Chow Mein vs. Chop Suey: How Are They Different?

Chop suey and chow mein have been mistaken for one another ever since they were both introduced in the late 1800s. However, while chop suey is an American invention with a clear history of Chinese origins (likely from Guangzhou), Chow Mein was created by Cantonese immigrants who arrived on America’s west coast after fleeing poverty and war-torn China. The difference between these two dishes stems mainly from their ingredients; Chop Suey uses any available meat or veggies over noodles, but Chow Mein sticks to vegetables like cabbage, bean sprouts, peppers & carrots that are stir-fried separately before being added to cooked noodles.

But there is more to what exactly separates these two dishes. In this blog post, we will explore the differences between chow mein and chop suey to clear out your confusion.

What is Chop Suey?

American Chop Suey

This dish has many origins, but the most popular one says that it was invented by Li Hung Chang’s chef, who prepared this for American guests. The original chop suey consisted of meat and celery mixed in with a flavorful sauce served on top of noodles or rice. Another tale surrounding the origin of this meal claims that it was created as an offering to miners during California gold rush days when they lacked much variety in their diet. Other stories say Chinese immigrants brought it into America while emigrating from China via San Francisco’s Chinatown at around 1850-1920 because of its popularity among Americans. It is said that the Americans back then savored flavorsome Chinese dishes combined with western ingredients like egg creams or cream sauces.

The name of this delicious food comes from tsa-sui, which loosely translates into “miscellaneous broken pieces.” Today, restaurants all over still serve this delicious mixture of vegetables, meats cooked with noodles, or rice in a savory sauce, which can sometimes include garlic powder mixed into soy sauce for added flavor!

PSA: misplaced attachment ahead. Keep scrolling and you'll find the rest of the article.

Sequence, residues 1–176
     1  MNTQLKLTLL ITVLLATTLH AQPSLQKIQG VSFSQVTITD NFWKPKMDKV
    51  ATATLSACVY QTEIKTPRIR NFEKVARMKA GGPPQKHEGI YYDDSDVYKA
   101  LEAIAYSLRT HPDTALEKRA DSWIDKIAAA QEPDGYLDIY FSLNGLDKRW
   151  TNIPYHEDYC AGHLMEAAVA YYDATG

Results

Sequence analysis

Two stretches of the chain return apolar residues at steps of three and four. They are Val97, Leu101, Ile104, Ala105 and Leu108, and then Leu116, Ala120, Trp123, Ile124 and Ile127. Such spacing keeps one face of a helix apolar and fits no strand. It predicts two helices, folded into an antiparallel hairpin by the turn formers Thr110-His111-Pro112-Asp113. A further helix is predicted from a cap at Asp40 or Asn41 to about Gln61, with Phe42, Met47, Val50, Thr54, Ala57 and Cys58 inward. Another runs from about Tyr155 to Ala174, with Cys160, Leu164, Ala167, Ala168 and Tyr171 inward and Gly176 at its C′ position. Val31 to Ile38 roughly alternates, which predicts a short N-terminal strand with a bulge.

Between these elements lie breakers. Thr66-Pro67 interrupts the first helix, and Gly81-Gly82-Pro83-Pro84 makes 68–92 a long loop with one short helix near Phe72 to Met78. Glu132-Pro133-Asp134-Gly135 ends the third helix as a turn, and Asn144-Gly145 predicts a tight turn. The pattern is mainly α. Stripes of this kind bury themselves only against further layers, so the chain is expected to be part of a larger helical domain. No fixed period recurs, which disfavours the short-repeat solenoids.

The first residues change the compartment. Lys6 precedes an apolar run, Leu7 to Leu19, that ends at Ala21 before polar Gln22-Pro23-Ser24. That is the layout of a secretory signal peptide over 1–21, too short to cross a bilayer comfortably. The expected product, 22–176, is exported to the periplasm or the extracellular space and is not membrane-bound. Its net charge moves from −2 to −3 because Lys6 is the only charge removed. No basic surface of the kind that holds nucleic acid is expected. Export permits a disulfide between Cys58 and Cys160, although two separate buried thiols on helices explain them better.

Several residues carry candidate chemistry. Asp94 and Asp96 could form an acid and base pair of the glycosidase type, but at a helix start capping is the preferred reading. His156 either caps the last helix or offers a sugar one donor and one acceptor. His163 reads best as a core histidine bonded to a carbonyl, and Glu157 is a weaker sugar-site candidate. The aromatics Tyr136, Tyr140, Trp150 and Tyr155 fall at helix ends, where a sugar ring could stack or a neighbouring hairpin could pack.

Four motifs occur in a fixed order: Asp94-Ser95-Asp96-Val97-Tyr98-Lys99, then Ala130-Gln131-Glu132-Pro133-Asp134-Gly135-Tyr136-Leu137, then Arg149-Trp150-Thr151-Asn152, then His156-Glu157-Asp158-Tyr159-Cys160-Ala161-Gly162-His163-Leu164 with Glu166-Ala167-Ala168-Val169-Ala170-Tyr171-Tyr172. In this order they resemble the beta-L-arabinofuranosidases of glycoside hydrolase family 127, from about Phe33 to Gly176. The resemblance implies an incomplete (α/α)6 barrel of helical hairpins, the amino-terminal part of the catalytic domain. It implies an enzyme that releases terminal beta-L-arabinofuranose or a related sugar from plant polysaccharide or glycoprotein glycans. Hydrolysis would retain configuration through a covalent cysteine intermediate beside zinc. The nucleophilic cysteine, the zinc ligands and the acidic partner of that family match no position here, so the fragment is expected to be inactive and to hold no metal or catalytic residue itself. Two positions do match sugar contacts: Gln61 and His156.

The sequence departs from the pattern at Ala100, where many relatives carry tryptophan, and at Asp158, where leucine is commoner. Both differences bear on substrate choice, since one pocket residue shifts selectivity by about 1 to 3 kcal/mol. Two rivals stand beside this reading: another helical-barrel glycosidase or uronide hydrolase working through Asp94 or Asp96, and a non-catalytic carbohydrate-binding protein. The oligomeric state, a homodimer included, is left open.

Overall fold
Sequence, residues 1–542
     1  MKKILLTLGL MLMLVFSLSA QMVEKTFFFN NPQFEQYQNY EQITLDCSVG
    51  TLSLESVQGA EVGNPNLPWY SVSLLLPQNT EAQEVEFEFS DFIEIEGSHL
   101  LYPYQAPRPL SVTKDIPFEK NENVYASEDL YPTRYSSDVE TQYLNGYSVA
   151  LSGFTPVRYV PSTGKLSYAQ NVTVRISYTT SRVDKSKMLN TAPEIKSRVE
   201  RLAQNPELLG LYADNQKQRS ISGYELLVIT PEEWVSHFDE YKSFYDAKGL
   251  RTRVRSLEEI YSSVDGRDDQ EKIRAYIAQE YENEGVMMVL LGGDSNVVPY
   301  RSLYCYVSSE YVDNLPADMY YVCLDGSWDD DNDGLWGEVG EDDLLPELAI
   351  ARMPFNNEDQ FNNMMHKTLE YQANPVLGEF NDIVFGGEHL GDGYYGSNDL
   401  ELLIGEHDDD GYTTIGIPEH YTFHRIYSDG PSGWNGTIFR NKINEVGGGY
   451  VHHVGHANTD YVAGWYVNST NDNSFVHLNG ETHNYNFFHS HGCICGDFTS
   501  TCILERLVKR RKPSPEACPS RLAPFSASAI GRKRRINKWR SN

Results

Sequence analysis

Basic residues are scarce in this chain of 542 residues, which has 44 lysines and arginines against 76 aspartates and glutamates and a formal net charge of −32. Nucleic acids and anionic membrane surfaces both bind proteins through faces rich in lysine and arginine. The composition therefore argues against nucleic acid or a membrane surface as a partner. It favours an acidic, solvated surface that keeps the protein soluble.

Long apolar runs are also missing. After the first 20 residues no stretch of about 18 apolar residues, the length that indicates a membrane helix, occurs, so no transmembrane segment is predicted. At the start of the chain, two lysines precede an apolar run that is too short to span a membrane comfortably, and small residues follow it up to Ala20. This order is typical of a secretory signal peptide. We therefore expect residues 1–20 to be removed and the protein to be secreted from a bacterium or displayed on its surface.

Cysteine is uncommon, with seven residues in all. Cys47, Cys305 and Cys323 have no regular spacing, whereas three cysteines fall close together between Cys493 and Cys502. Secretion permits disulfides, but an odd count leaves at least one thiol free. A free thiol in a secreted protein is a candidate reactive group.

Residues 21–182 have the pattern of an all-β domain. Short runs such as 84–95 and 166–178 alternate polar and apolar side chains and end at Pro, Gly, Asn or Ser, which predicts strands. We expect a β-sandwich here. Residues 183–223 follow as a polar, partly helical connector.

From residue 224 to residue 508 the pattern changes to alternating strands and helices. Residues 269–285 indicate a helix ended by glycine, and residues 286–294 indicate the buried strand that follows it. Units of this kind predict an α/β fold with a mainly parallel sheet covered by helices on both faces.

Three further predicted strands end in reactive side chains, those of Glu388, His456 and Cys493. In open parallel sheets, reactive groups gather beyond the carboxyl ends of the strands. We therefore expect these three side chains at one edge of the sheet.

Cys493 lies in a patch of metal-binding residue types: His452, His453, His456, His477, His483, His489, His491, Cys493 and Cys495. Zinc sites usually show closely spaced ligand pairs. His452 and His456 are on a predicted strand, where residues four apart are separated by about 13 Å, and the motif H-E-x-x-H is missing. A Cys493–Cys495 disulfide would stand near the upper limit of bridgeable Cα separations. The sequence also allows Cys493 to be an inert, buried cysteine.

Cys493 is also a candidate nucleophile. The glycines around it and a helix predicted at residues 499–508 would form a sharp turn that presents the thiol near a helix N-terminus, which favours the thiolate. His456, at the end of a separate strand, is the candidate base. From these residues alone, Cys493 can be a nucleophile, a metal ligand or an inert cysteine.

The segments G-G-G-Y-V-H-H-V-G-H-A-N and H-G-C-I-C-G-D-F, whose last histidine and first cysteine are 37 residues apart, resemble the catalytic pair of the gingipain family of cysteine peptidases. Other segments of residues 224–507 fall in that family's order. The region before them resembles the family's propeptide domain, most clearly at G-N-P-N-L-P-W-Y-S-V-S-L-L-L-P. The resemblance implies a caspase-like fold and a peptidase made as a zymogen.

Let’s take a look at what makes chop suey unique by exploring its ingredients.

Common Chop Suey Ingredients

  • Rice or noodles
  • Choice of beef, chicken, pork, or shrimp
  • Oyster sauce
  • Vinegar or rice wine
  • Ketchup
  • Broccoli
  • Corn starch
  • Vegetable oil
  • Soy sauce
  • Onion
  • Bean sprouts
  • Carrots
  • Celery
  • Cabbage
  • Water

How Chop Suey is Cooked?

Some people like to eat chop suey over rice, while others prefer noodles. If you want a delicious and mouth-watering meal for your family or friends, this dish is perfect! Chop suey consists of many different ingredients listed above that are easy enough to find in any store (including grocery stores). It’s really as simple as cooking the sauce first then adding all other ingredients into a wok with oil heated up on medium heat. Soon after these components have mixed together nicely without burning from too much direct contact with high temperatures, it will be time for dinner!

  1. To prepare the sauce, you will need 1 tbsp of vinegar or rice wine mixed with ¼ cup sugar. In addition, 2 tbsp cornstarch dissolved in water needs to be added for thickening purposes. Finally, add 1 tbsp of soy sauce and ½ cup ketchup to the mix, and your sauce is ready.
  2. Next, prepare the wok (stir-fry pan) by heating vegetable oil. Once the pan is hot, add chopped onions and saute them on medium heat until they turn brown.